Fishing Flies and Fly fishing for rainbows or trout

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I thought it would be interesting to write something for newcomers or beginners to trout fly fishing to help you  improve your fly fishing knowledge so that you know what products you might need to buy.
  1. The first thing to do is make sure you are suitably dressed for any weather that may occur during your trip. It may be sunny when you leave however wind and rain can often occur when you are outdoors. Be prepared for all weathers it’s really important to be comfortable and dry so that you can enjoy the day.
  2. The second thing I would think of is to bring along some snacks and perhaps a drink of juice or flask of tea. Especially if you are going out for a long trip, again your own comfort is an essential part of the days fishing.
  3. Third thing you’ll need is the correct fishing tackle for the type of water and size of trout you are fishing for. You will need a fly rod, a fly reel loaded with backing and a suitable fly line. For fly lines you might have a floating fly line, a sink tip line, an intermediate line or a sinking line depending on where you want the flies to fish in the water column. You will also need some leader materials either fluorocarbon, nylon or some other type of specialist leader material. Leader material will need to be of a suitable breaking strain and for small trout around 2 or 3lb in weight I use about 5lb or 6lb breaking strain. For larger trout you would upscale, within reason, the breaking strain to the size of the fish. You will need a fly box or two with a good selection of mixed fishing fly types and hook sizes. Perhaps the most regularly used types or categories of trout flies are lure flies, dry flies, wet flies and nymph patterns with sizes 8, 10, 12 & 14 single hooks being the most common. Lure flies are usually presented in the larger sizes, lets say sizes 8 and 10 with wets and nymphs being around 10, 12 or 14. Dry flies, which may be required to float or stay very near the surface, are around 12 and 14 or perhaps even smaller. These are average commonly used sizes to get you started and you can use and catch fish on larger or smaller hooks as well. Dry fly, wet fly and nymphs are usually fished on a floating line however wet and nymphs can be fished on sink tip or any line for that matter. Lures are usually fished a bit deeper on perhaps a sink tip line, intermediate or full sinking line depending on the depth and speed of the water. There are many variations and I have caught fish with them all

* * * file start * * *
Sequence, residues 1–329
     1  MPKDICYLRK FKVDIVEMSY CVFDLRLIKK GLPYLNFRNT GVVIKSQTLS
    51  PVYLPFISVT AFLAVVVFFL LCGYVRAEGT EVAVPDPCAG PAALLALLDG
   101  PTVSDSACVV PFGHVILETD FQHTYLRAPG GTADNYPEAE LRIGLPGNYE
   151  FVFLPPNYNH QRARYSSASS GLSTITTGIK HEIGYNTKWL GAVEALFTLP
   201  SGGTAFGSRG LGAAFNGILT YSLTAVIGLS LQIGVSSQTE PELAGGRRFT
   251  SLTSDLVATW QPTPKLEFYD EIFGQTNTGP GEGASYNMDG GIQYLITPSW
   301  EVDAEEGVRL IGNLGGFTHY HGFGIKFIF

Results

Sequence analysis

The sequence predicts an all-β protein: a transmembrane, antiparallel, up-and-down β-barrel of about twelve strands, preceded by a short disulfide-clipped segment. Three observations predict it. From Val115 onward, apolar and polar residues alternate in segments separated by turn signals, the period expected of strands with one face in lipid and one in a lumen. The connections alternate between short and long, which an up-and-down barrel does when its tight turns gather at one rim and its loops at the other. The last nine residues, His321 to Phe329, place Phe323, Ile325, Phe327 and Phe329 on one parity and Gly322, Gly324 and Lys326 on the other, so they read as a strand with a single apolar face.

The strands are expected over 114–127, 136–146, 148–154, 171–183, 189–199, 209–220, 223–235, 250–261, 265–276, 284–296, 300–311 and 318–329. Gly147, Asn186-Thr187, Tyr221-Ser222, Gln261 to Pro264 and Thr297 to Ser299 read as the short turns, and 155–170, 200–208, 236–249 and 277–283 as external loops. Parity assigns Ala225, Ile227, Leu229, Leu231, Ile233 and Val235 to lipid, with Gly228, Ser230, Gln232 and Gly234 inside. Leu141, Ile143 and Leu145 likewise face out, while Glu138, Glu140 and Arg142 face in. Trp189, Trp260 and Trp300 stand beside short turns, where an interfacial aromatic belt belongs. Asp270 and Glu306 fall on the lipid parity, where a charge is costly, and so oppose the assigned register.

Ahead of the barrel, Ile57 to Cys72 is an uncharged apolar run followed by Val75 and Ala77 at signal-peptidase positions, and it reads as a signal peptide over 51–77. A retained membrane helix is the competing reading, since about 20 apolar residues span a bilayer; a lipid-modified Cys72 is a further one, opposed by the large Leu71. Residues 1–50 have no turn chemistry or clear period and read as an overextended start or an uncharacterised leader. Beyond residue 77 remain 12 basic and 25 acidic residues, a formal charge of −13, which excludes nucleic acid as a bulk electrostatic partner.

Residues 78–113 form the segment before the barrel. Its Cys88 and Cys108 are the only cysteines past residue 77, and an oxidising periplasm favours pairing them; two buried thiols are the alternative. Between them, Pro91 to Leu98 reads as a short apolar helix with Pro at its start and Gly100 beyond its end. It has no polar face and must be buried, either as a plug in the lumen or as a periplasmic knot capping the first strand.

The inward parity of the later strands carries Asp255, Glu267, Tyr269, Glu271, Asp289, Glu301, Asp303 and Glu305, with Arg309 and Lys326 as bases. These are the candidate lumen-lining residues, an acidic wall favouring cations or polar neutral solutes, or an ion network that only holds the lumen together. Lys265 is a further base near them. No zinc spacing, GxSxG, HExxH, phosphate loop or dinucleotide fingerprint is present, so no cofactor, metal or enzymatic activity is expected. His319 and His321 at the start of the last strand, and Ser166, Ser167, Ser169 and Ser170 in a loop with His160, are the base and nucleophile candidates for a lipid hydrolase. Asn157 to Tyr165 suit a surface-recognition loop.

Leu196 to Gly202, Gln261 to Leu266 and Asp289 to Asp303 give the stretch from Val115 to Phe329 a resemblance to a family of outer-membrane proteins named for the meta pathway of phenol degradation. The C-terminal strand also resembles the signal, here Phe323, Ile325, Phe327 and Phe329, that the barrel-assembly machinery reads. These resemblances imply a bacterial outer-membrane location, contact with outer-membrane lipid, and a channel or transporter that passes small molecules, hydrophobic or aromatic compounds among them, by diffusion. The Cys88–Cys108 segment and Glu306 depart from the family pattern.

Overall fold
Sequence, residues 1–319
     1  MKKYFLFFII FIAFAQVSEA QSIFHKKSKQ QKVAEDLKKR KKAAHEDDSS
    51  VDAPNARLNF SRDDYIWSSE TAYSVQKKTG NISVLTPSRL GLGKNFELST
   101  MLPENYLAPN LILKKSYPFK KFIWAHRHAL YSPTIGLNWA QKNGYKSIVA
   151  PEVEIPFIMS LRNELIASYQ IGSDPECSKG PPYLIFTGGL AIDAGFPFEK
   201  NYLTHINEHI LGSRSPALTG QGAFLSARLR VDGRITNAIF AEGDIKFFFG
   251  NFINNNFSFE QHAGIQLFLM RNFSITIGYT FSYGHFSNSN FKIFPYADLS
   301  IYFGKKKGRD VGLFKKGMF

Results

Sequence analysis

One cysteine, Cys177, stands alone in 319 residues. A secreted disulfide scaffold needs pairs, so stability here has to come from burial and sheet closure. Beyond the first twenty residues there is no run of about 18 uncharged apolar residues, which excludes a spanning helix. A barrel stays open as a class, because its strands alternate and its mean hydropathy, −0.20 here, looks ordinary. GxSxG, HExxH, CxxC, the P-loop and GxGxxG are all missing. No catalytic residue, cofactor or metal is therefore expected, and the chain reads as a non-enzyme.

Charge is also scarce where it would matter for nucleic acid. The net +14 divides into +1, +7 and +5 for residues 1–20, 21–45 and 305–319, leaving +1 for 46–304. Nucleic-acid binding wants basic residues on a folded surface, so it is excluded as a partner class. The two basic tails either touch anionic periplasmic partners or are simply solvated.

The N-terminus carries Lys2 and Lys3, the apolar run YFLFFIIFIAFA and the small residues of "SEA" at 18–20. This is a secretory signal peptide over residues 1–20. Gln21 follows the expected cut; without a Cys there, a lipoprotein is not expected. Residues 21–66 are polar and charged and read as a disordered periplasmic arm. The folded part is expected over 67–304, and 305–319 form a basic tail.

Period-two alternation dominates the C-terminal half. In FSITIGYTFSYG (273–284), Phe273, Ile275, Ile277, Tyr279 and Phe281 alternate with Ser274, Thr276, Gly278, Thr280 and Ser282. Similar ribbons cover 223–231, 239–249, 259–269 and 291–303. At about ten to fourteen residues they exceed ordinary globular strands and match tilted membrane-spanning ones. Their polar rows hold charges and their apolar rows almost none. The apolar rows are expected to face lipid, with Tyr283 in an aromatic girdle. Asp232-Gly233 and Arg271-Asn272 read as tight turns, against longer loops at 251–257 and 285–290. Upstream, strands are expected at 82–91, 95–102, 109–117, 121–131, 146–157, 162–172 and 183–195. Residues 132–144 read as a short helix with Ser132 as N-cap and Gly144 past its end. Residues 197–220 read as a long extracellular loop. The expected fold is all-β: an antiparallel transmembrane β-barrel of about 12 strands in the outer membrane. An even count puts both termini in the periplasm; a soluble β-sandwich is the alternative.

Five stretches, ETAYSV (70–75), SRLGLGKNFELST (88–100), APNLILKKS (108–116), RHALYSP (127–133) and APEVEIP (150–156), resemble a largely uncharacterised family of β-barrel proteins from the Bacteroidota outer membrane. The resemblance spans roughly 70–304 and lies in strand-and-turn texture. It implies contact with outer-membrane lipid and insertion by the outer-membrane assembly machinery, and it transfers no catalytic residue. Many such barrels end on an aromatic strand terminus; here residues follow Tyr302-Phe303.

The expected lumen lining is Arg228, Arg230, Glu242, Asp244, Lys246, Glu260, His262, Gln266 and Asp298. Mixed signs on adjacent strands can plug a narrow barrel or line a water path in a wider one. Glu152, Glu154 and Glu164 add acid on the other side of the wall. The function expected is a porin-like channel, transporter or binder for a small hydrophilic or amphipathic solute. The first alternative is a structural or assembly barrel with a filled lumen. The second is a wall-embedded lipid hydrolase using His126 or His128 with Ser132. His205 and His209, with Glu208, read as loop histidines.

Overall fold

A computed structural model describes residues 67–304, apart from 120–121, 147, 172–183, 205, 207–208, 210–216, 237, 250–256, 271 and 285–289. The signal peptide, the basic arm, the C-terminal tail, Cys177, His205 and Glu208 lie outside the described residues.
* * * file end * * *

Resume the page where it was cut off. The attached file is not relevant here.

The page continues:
4. By far the best time to catch trout is when they are active and feeding usually seen with ripples or rings on the surface as the trout rise to take hatches of flies or midgies. You may also see trout just under the surface chasing smaller fish or fry with small V like wakes across the top of the water. Sometimes these are very obvious and other times they are quite hard to spot. If they are rising to the surface you may want to choose a wet fly or a dry fly fished on the top or very near the surface, trying to match the hatch. If they are chasing small fish or fry you should choose a small mini lure or lure fly that mimics the smaller fish local to the waters you are fishing. If there’s not much activity the trout may be sulking deep and not feeding unless you can put something across their field of vision. In this instance you may want to fish a bit deeper, with nymph type flies or buzzers and lures.
I hope that helps some of you with your understanding of fly fishing for trout thanks Lawrence(aquatyer)
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